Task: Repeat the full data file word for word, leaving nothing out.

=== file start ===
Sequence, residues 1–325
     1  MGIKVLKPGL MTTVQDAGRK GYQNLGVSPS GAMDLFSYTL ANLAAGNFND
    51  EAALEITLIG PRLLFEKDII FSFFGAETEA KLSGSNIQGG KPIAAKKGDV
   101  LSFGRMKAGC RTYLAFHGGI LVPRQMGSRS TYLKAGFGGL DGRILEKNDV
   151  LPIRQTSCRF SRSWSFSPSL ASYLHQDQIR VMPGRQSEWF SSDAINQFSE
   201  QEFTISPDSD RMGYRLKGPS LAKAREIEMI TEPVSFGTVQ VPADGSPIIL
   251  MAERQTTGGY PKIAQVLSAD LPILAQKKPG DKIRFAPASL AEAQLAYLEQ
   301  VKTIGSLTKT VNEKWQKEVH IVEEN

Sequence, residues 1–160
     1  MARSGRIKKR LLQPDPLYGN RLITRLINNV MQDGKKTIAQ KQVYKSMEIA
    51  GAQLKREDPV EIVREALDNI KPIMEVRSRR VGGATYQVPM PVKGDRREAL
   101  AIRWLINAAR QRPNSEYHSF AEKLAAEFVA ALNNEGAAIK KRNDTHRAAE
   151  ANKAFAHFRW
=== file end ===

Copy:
Sequence, residues 1–325
     1  MGIKVLKPGL MTTVQDAGRK GYQNLGVSPS GAMDLFSYTL ANLAAGNFND
    51  EAALEITLIG PRLLFEKDII FSFFGAETEA KLSGSNIQGG KPIAAKKGDV
   101  LSFGRMKAGC RTYLAFHGGI LVPRQMGSRS TYLKAGFGGL DGRILEKNDV
   151  LPIRQTSCRF SRSWSFSPSL ASYLHQDQIR VMPGRQSEWF SSDAINQFSE
   201  QEFTISPDSD RMGYRLKGPS LAKAREIEMI TEPVSFGTVQ VPADGSPIIL
   251  MAERQTTGGY PKIAQVLSAD LPILAQKKPG DKIRFAPASL AEAQLAYLEQ
   301  VKTIGSLTKT VNEKWQKEVH IVEEN

Sequence, residues 1–160
     1  MARSGRIKKR LLQPDPLYGN RLITRLINNV MQDGKKTIAQ KQVYKSMEIA
    51  GAQLKREDPV EIVREALDNI KPIMEVRSRR VGGATYQVPM PVKGDRREAL
   101  AIRWLINAAR QRPNSEYHSF AEKLAAEFVA ALNNEGAAIK KRNDTHRAAE
   151  ANKAFAHFRW